Money does grow on trees, according to a new study from Michigan State University. Researchers conducted an experiment to determine the landscape components home buyers valued the most, and how much those components increased or decreased the perceived value of the home. The results showed that a "good" landscape increased home values from 5 to 11 percent. The more mature the landscape and the more elaborate the design, the more the value increased.
Researchers showed more than 1,300 people in seven different states 16 photos of the front of a home that was landscaped to varying degrees. They created three levels of landscaping with varying plant sizes, design sophistication, and types of plant material used. Respondents were told the fair market values of the homes and asked to estimate how much the perceived value of the home increased or decreased in each photo.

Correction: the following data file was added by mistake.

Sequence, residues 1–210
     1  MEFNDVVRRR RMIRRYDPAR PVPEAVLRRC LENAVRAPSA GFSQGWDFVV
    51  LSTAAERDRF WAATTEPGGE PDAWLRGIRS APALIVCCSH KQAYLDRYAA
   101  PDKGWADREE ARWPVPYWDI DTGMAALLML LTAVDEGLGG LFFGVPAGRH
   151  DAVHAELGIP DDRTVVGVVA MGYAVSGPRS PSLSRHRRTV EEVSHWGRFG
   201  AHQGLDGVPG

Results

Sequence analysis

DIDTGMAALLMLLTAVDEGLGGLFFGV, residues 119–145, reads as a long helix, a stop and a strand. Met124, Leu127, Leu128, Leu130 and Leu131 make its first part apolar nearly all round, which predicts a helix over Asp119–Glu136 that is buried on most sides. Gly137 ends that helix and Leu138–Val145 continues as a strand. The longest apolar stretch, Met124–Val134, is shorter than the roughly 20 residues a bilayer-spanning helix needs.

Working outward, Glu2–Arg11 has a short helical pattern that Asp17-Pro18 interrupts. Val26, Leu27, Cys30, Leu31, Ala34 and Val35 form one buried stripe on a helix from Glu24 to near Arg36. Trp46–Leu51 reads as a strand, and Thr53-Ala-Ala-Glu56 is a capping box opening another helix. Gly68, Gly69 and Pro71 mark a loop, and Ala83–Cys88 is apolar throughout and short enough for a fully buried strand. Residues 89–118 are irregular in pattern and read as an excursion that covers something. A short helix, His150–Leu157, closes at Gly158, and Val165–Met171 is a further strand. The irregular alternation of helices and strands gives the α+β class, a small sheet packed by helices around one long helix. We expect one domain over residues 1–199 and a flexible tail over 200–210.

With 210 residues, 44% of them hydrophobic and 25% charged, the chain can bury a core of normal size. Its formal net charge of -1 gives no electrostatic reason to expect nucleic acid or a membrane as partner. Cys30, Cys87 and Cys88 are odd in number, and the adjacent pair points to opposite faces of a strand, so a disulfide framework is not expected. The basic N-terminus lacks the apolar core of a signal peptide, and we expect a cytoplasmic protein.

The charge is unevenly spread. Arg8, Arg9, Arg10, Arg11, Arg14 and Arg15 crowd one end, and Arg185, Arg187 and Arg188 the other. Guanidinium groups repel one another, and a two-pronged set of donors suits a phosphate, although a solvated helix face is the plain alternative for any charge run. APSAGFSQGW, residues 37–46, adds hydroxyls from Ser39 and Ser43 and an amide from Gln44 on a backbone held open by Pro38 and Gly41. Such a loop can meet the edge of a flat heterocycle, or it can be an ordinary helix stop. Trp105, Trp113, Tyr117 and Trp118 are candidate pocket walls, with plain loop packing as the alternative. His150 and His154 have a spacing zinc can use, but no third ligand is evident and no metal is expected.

In all markets the homeowners most valued the largest, most sophisticated, and most colorful landscape design. These landscapes usually featured mature evergreen and deciduous trees and shrubs, and colorful annual and perennial flowers. The percent increase in home values ranged from 5.5 percent in South Carolina to 11.4 percent in Mississippi. A minimalist landscaping job with few, small-sized plants and little design sophistication actually decreased the perceived value of the home.
To see the complete report, go to: American Nursery and Landscape Association.
Article published on June 23, 2008.